Closing The Marketing Strategy Tactics-Gap: An Institutional Theory Analysis Of Pharmaceutical Value Chain

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Contribution to Books

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Innovation and Marketing in the Pharmaceutical Industry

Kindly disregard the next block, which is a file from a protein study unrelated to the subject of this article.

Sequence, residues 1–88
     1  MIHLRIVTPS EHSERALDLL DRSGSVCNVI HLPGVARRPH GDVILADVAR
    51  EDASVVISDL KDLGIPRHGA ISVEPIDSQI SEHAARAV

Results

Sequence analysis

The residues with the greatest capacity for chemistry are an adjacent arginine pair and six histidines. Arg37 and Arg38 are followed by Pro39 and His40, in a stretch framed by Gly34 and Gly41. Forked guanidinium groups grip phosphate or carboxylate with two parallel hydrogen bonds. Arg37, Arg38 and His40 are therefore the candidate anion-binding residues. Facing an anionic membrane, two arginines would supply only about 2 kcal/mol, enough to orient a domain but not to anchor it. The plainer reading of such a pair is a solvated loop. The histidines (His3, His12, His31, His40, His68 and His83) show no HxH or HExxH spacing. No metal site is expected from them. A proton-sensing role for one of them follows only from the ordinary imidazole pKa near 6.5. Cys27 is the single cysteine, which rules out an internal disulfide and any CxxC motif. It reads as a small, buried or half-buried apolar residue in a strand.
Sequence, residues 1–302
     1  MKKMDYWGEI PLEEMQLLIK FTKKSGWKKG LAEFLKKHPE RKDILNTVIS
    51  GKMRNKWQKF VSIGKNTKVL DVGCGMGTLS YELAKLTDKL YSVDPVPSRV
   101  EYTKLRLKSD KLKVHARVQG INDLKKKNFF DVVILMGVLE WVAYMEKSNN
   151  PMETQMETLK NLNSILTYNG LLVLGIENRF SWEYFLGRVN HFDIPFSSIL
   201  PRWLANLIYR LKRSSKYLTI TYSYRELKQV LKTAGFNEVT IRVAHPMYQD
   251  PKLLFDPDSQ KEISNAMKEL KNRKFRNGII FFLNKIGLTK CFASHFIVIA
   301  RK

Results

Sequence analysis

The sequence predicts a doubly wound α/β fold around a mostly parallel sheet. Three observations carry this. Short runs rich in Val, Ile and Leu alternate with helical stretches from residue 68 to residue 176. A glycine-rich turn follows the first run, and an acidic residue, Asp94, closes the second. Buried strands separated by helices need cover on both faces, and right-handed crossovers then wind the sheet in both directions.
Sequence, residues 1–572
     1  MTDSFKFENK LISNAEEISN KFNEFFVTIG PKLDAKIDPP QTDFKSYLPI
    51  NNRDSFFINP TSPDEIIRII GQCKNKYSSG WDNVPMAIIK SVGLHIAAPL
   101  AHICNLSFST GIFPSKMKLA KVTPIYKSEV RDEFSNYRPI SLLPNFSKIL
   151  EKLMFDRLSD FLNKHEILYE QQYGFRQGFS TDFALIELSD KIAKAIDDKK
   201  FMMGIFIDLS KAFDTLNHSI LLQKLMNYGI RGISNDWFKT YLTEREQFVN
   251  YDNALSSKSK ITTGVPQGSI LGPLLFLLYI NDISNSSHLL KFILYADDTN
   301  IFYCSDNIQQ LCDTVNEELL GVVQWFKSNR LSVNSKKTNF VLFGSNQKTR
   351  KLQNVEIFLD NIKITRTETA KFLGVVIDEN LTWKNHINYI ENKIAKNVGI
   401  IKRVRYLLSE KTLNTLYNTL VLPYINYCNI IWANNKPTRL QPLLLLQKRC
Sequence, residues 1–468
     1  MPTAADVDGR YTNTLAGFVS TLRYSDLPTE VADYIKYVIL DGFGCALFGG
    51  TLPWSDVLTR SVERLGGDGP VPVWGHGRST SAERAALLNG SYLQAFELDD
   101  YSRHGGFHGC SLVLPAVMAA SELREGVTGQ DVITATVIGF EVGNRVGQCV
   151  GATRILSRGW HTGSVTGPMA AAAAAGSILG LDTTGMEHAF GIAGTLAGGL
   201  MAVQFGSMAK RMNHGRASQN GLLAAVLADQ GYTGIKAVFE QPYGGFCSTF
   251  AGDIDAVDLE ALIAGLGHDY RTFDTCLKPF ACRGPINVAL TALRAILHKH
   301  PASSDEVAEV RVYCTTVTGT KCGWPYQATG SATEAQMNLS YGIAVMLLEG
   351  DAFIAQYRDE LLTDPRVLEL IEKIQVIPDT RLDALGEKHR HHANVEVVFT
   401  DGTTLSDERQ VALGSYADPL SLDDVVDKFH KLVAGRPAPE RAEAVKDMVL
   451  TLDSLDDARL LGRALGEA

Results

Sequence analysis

This chapter identifies a strategy-tactics gap in most previous studies of pharmaceutical marketing, and addresses it by systematically analyzing the marketing strategies used in practice with the help of a unique dataset of court discovery documents unsealed in a recent litigation. Adopting an institutional theory perspective, we examine the dominant logic that underlies pharmaceutical marketing strategies, and contrast it with the organizing logics of the value chain partners. Four distinct marketing strategies with carefully crafted interdependencies emerge from our analysis: (1) market penetration strategy involving a focus on segmentation and penetration, (2) evidence-based strategy involving production of science, (3) medical education strategy involving development and dissemination of standards of care, and (4) surrogate selling strategy involving leverage of peer-to-peer influence among target physicians. Together, the strategies uncovered in our analysis provide coherence to the observed marketing tactics and show that they are largely consistent with the logic of consequences which conflicts with the logic of appropriateness guiding the actions of the value chain partners. The institutional theory analysis shows that: (1) pharmaceutical value chain is characterized by conflicted logics, (2) that are amplified by pharmaceutical marketing strategies thereby, (3) inviting regulatory intervention to constrain and restrict pharmaceutical marketing efforts. We propose an open systems framework that elaborates on value chain interdependencies and compare it with the economic framework that characterizes most current research. We close the chapter with an agenda for future research into the theory and practice of pharmaceutical marketing.




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